The abnormal aggregation of proteins into fibrillar lesions is a neuropathological hallmark of several sporadic and inherited neurodegenerative diseases (27). For example, LBs appear to be composed primarily of αS, but other proteins, including neurofilament subunits, are present in many LBs (20, 2729). Although LBs are hallmark lesions of PD, they also are the predominant cortical lesions of DLB, and they define the most common subtype of sporadic AD, i.e., the LB variant (2730). In addition, αS is a major component of the GCIs of MSA (18, 19), and antibodies to αS reveal LBs in the brains of more familial AD (16) and Down’s syndrome (17) patients than previously reported. Five familial PD kindreds were reported to have missense mutations in the αS gene (11, 12), but the majority of familial PD kindreds do not have αS gene mutations, whereas PD and DLB are predominantly sporadic (3134).

Although βS and γS are abundant in brain, they have not been implicated previously in any neurological disease. Thus, the present study is significant because it describes brain abnormalities in a neurodegenerative disease (i.e., PD and DLB) that contain pathological accumulations of βS and γS. Accordingly, we conclude that βS and γS, in addition to αS, may play mechanistic roles in the onset and progression of several neurodegenerative disorders. Indeed, because αS pathology may be seen in other neurodegenerative diseases and in a few normal controls (see Table Table1),1), βS and γS pathology may be more specific to LB disorders.

Because the αS- and βS-positive lesions appear to be predominantly localized to abnormal aggregates in the mossy fiber terminals that synapse on hilar neurons, and the neuritic pathology labeled by antibodies to αS is most likely in axon terminals of CA2/3, these abnormal processes may impair synaptic transmission in hippocampal perforant pathway projections critical to memory and behavior as schematically illustrated in Fig. Fig.55 (35). Indeed, this notion is supported by studies of the effects of botulinum toxin on the presynaptic terminals of the giant squid (36). This resulted in a 3-fold increase in the vesicular content of presynaptic terminals by interfering with the docking and/or fusion properties of the synaptic proteins (i.e., synaptophysin, synaptobrevin, and synapsin I) and blocking the release of vesicles as well as their neurotransmitter contents (3638). This toxin-induced accumulation of synaptic vesicles resembles that described in Fig. Fig.4.4. Thus, the aggregation of synuclein-labeled vesicles and filaments in presynaptic terminals might reflect impaired synaptic vesicle release and synaptic dysfunction (36). Similar impairments also could result from the γS pathology localized to the molecular layer of the dentate gyrus (see Fig. Fig.5),5), which resembles pathology detected in frontotemporal dementias by using antibodies to synaptophysin (39). Notably, whereas LBs and Lewy neurites were recognized with antibodies to ubiquitin (40, 41), none of the pathological synaptic lesions described here were labeled by antiubiquitin antibodies. As illustrated in Fig. Fig.5,5, the addition of γS pathology in the molecular layer demonstrates that all components of the perforant pathway (35) are affected by aggregation of synuclein proteins. The absence of the degenerating axon terminals in other regions of the PD and DLB brain suggests that this pathology is specific to hippocampal projections.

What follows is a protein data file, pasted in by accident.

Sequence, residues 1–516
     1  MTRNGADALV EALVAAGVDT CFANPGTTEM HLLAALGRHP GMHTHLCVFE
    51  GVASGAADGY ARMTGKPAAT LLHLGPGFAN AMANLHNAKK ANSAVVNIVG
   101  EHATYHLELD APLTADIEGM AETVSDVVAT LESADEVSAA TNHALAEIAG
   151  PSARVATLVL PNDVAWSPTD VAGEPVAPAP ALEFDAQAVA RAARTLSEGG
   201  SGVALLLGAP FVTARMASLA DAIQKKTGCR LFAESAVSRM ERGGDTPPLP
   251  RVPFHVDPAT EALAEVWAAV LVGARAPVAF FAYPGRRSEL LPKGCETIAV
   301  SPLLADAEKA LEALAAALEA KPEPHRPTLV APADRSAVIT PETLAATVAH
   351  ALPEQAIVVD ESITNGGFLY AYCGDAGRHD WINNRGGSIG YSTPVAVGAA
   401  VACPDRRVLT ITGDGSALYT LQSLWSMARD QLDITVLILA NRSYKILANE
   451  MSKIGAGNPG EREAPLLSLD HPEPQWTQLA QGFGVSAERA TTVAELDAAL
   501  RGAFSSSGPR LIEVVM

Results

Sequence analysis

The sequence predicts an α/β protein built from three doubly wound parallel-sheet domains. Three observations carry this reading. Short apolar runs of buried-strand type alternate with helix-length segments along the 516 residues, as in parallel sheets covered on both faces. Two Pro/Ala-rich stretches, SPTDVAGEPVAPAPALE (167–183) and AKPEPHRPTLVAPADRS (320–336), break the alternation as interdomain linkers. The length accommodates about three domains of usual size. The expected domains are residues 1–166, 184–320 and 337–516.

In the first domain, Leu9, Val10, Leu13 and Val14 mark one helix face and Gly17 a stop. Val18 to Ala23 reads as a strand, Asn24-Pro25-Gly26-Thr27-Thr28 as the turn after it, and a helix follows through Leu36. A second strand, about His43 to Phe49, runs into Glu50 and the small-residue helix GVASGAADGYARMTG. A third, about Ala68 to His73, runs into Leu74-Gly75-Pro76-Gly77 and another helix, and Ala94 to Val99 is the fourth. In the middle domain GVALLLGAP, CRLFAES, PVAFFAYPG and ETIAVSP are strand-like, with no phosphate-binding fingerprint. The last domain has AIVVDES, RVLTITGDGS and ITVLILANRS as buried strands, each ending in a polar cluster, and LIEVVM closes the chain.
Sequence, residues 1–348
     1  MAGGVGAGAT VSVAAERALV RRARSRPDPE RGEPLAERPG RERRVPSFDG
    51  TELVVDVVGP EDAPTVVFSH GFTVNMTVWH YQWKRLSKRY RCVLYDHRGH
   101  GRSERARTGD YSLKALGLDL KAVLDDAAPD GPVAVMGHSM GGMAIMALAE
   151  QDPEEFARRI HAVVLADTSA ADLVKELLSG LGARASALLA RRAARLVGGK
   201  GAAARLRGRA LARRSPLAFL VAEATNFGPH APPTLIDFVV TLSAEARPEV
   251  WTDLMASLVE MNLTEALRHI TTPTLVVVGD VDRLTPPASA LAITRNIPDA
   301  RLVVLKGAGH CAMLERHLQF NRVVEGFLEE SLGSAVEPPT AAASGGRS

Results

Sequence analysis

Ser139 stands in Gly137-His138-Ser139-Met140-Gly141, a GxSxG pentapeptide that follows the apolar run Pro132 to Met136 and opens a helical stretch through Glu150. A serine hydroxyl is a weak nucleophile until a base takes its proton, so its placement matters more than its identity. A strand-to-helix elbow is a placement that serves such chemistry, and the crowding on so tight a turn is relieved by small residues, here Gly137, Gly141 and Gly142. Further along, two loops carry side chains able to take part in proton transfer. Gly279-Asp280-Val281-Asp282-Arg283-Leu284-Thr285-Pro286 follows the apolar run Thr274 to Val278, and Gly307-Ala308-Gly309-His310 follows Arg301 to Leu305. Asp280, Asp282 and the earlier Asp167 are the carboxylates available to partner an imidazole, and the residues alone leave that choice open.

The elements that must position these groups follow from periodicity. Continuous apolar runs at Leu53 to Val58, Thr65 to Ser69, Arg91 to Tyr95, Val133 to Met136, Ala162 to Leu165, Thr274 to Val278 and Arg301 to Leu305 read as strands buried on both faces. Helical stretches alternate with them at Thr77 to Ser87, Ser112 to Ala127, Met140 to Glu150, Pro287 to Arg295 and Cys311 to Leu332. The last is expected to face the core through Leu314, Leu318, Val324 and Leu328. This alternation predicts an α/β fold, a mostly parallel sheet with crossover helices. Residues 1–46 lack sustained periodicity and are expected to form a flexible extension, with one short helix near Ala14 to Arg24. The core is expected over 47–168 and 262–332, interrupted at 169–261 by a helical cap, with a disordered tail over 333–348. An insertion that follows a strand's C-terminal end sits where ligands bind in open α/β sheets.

Figure 5
Perforant pathway and synuclein pathology. (A) The components of the hippocampal perforant pathway that play a critical role in behavior and memory. Neurons in entorhinal cortex send information in a unidirectional manner to dendrites in the molecular ...

The function of the synucleins is poorly understood but they are soluble presynaptic proteins that may play a role in synaptic transmission. However, αS becomes less soluble in neurodegenerative disease, which may lead to the formation of fibrillar aggregates (15, 18) in the form of LBs and GCIs. Significantly, the hippocampal αS pathology appears to localize primarily on vesicular structures in the mossy fiber axon terminals but also may aggregate as filamentous structures. The hippocampal synuclein pathology described here also may contain insoluble βS and γS because it was seen better after pretreatment with formic acid, which is known to enhance αS immunoreactivity (26). Moreover, the observation that the pathology in the hilus and dentate gyrus also contains the synaptic proteins synapsin, synaptophysin, and synaptobrevin (37, 38) suggests that these lesions are degenerating presynaptic terminals.

Although it is unknown whether the transformation of normal soluble synuclein proteins into insoluble pathological proteins that form aggregates (e.g., LBs) causes neurodegenerative diseases, it seems increasingly likely that these events compromise the function and viability of neurons. For example, LB-containing neurons could undergo a “dying back” phenomenon caused by blocked axonal transport, disconnecting one cortical region from another (20, 27, 28). Likewise, the accumulation of synuclein proteins in the degenerating terminals described here could interfere with the unidirectional flow of information in the hippocampus (see Fig. Fig.5),5), which is an important component of the neuroanatomical circuits involved in memory and behavior (35). Thus, efforts to further elucidate the pathobiology of the synuclein proteins are likely to lead to improved strategies for the development of novel therapeutic interventions for PD, DLB, the LB variant of AD, and other synucleinopathies.

Acknowledgments

We thank Ms. Danielle Lavalla and Ms. Theresa Schuck for their expert technical assistance. This project was supported by grants from the National Institute on Aging and the Alzheimer’s Association.

Abbreviations

LB
Lewy body
PD
Parkinson’s disease
DLB
dementia with LBs
AD
Alzheimer’s disease
αS
α-synuclein
βS
β-synuclein
γS
γ-synuclein
MSA
multiple system atrophy
GCI
glial cytoplasmic inclusion

Footnotes

This paper was submitted directly (Track II) to the PNAS office.